Written by Farish A. Noor
Thursday, 13 March 2008
As the broken remnants of the Barisan Nasional recuperate and recover what is left of their shattered pride, it would be prudent to take a step back and look at some of the factors that have certainly contributed to the dismal showing the BN component parties and the UMNO party in particular.
It is clear to many that this election was, in some ways, a singularly unique event in the same way that the 2004 elections were special. 2004’s election results could be read as a collective sigh of relief on the part of the Malaysian electorate after twenty years of rule under the Mahathir government, which witnessed a host of controversial incidents ranging from the BMF scandal of the early 1980s all the way up to Ops Lalang in 1987. The enormous mandate given to the Badawi government was a sign that the public was thirsting for change and that they were no longer willing to live with the modes of governance and politics that we have all grown sadly accustomed to for lack of a choice…
This time round, the electorate has once again spoken to signal their utter disillusionment after it became painfully evident that none of the reform policies foregrounded by the Badawi team were ever going to come true. Instead this had been an administration long on gimmicks and novelties, but short on substance and delivery. Was it necessary to send a Malaysian astronaut to space on a Russian craft, to make the vain boast that a Malaysian citizen had been there and done that? If this was meant to assuage the anger and frustration of Malaysians who lived in estates and poorly-run low-cost urban housing, it certainly had the opposite effect of driving home the point that this administration was out of touch with reality and totally disconnected with the needs and wants of the people.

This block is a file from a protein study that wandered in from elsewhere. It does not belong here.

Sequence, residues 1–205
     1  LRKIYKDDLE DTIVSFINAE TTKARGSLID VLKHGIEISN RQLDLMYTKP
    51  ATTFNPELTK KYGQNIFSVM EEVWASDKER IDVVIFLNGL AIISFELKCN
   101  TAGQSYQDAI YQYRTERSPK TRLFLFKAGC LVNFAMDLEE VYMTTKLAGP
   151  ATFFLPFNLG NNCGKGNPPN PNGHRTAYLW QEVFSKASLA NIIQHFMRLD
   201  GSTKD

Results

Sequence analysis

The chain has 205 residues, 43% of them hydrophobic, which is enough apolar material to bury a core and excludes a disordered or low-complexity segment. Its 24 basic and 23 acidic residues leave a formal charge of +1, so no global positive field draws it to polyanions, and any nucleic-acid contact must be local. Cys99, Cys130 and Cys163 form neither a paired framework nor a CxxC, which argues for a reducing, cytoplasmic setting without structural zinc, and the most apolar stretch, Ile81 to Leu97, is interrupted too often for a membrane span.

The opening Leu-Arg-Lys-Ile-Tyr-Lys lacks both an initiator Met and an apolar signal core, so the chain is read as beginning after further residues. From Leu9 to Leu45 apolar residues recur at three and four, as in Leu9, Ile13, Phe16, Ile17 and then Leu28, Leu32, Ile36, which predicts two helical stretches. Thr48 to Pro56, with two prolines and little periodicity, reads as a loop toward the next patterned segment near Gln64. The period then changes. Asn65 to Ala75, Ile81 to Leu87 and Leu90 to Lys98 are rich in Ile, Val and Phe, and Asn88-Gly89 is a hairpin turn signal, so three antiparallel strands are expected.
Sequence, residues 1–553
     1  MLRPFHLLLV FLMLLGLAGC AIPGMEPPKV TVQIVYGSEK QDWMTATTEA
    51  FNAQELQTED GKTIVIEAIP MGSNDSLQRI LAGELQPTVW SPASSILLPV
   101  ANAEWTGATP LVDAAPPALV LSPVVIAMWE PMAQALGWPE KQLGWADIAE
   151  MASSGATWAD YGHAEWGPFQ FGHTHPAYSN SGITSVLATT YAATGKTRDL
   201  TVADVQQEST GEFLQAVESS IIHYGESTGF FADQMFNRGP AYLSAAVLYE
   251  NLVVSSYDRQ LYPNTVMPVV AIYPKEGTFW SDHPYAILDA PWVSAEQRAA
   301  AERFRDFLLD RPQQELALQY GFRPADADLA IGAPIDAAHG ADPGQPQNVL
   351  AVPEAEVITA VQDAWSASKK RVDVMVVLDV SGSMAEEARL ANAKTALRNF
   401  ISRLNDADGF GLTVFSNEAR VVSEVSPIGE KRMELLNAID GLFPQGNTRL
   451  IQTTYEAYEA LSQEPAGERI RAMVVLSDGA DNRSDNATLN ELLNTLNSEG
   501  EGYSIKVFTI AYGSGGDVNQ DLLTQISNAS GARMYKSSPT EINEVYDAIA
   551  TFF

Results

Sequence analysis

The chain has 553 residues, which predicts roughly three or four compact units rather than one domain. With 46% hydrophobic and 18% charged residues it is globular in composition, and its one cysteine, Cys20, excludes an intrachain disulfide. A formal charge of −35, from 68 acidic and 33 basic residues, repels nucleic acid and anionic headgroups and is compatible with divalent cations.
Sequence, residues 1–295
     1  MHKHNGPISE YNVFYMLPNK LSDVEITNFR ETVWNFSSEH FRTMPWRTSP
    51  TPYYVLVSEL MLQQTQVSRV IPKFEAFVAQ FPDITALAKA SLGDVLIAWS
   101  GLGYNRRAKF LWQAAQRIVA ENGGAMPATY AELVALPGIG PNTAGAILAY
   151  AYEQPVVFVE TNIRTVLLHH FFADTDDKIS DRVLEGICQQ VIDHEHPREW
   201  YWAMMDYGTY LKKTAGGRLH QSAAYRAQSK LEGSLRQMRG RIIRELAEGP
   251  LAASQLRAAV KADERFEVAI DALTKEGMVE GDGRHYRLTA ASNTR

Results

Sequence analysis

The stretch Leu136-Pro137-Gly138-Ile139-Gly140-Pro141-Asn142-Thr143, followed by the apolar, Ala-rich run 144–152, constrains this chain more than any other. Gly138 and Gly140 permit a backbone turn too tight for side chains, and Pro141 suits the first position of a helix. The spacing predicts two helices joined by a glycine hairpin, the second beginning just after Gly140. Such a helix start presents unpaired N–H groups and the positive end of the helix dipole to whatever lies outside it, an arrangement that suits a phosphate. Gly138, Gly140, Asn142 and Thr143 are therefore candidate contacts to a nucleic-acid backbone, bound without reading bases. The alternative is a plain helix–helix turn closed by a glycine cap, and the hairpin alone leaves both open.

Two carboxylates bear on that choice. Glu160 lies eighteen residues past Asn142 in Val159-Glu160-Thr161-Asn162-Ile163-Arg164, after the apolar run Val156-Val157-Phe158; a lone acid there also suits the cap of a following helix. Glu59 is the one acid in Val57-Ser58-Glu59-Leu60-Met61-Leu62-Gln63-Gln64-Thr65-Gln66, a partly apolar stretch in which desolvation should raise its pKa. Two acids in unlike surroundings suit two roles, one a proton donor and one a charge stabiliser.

But vain boasts notwithstanding, the Badawi government suffered its long-overdue shock due to the vain boasts of some of its leaders and spokesmen. Here is it worth noting the effect that UMNO’s own overheated pyrotechnics had on the sentiments and sensibilities of a significant section of the Malaysian public; namely the non-Malays and non-Muslims of the country. In particular we are referring to the repeated assertion on the part of some hot-headed UMNO leaders who continued to harp on about the notion of Malay dominance in a racially and religiously diverse and plural society.